Specialist contact lens fitting

Shehzad A. Naroo*

*Corresponding author for this work

Research output: Contribution to journalEditorialpeer-review


What is meant by the term ‘specialist contact lens fitting’? Or put another way, what would be considered non-specialist contact lens fitting? Is there such a thing as routine contact lens fitting? Soft or silicone hydrogel fitting for daily wear would probably be considered as routine contact lens fitting, but would extended or flexible wear remain in the same category or would they be considered a specialist fit? Different eras will classify different products as being ‘specialist’. Certainly twenty years ago soft toric contact lenses were considered as being speciality lenses but today would be thought of as routine lenses. Conversely, gas permeable lenses were thought of as mainstream twenty years ago but now are considered as speciality lenses. Although this would not be the same globally, as in some countries (such as Netherlands, France and Japan) gas permeable lens fitting remains popular and is not on the decline as in other countries (Canada, Australia and Sweden) [1].

Bandage soft lenses applied after surface laser refractive procedures would be considered as therapeutic lenses but in reality they are just plano thin hydrogel lenses worn constantly for 3–4 days to allow the underlying epithelium to convalesce and are then removed [2]. Some patients find that wearing hydrogel lenses during periods when they suffer from seasonal allergies actually improves their ocular comfort as the contact lens acts as a barrier to the allergen [3] and [4]. Scleral lenses have long been considered speciality lenses, apart from a time when they were the only lenses available but at that time all contact lens work would have been considered speciality practice! Nowadays we see the advent of mini-scleral designs and we see large diameter gas permeable lenses too. It is possible that these lenses increase the popularity of gas permeable lenses again and they become more main stream.

So it would seem that the lines between routine and speciality contact lens fitting are not clear. Whether a lens is classed a specialist fit or not would depend on the lens type, why it was fitted, where in the world the fitting was being done and even the era in which it was fitted. This begs the question as to what would be considered entry level knowledge in contact lens fitting. This may not be an issue for most BCLA members or CLAE readers but certainly would be for bodies such as the College of Optometrists (UK) or the Association of British Dispensing Opticians when they are planning the final registration examinations for budding practitioners or when planning the level of higher level qualifications such as College Certificates or Diplomas. Similarly for training institutions when they are planning their course content. This becomes even trickier when trying to devise a qualification that spans across many countries, like the European Diploma in Optometry and Optics. How do we know if the training and examination level is correct? One way would be to analyse things when they go wrong and if patterns of malpractice are seen then maybe that could be used as an indicator to more training being needed. There were 162 Fitness to Practice Hearing at the General Optical Council between 2001 and 2010. Forty-seven of these were clinically related case, 39 fraud related, and 76 others. Of the clinical ones only 3 were contact lens related. So it would appear that as whole, in the profession, contact lens clinical skills are not being questioned too often (although it seems a few of us can’t keep our hands out the cookie jar!).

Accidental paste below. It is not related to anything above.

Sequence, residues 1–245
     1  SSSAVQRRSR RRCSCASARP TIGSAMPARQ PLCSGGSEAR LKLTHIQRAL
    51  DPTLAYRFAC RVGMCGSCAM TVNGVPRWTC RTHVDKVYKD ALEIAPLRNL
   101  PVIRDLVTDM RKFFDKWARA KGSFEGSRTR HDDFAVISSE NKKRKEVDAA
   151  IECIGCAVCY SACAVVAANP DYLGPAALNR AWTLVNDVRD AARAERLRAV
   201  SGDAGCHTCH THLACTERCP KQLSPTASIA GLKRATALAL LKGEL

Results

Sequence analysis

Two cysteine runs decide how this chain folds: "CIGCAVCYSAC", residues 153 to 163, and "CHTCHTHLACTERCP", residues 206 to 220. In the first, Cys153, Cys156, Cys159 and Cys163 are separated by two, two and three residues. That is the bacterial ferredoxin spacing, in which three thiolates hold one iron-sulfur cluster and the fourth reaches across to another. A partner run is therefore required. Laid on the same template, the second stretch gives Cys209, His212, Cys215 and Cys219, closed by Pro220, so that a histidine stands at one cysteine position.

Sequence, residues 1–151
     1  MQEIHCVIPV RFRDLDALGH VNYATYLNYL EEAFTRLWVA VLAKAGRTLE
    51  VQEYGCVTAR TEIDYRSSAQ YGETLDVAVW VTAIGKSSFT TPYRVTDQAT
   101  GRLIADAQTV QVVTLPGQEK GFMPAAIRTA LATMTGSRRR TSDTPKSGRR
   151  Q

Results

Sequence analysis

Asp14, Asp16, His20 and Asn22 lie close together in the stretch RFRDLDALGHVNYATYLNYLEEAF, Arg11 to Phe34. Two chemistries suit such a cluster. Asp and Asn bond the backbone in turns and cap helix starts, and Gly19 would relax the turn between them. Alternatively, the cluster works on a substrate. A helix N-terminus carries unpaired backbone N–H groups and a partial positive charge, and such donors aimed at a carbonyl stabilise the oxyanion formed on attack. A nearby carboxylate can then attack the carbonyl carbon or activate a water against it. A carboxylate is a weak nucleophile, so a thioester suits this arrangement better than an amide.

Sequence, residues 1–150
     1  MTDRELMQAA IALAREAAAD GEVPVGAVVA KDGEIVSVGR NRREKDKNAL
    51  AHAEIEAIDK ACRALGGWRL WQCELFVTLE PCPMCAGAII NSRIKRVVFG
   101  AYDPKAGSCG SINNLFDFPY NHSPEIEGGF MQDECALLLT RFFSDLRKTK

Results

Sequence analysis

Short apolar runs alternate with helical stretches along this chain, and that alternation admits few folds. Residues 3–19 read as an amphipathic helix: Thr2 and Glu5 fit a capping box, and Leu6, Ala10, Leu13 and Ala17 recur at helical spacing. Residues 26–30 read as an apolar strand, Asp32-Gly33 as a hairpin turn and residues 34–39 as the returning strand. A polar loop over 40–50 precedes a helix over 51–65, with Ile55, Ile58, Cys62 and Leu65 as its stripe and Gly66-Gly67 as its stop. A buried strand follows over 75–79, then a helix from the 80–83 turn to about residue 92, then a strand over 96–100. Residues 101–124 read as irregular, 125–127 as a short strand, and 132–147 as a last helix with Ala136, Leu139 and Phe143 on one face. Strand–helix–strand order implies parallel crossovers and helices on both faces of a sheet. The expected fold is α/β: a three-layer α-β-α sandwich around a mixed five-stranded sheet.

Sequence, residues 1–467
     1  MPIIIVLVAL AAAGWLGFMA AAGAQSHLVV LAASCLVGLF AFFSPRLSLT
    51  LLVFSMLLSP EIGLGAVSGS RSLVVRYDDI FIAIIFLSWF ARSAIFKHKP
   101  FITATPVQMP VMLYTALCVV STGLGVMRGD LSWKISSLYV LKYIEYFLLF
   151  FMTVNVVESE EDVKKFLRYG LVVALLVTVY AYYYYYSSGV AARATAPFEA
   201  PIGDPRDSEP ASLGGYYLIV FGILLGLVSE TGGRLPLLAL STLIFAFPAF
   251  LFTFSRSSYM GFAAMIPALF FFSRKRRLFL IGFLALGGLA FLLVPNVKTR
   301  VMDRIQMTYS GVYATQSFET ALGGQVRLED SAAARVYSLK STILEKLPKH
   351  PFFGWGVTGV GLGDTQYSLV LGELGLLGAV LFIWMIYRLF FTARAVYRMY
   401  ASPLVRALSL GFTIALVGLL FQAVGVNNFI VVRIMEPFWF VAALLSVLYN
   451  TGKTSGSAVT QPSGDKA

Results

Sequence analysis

Original languageEnglish
Pages (from-to)105
Number of pages1
JournalContact Lens and Anterior Eye
Issue number3
Publication statusPublished - Jun 2013

Bibliographical note

NOTICE: this is the author’s version of a work that was accepted for publication in Contact lens and anterior eye. Changes resulting from the publishing process, such as peer review, editing, corrections, structural formatting, and other quality control mechanisms may not be reflected in this document. Changes may have been made to this work since it was submitted for publication. A definitive version was subsequently published in Naroo, SA, 'Specialist contact lens fitting' Contact lens and anterior eye, vol 36, no. 3 (2012) DOI http://dx.doi.org/10.1016/j.clae.2013.03.004


  • accreditation
  • contact lenses
  • Great Britain
  • professional competence
  • prosthesis fitting
  • specialization


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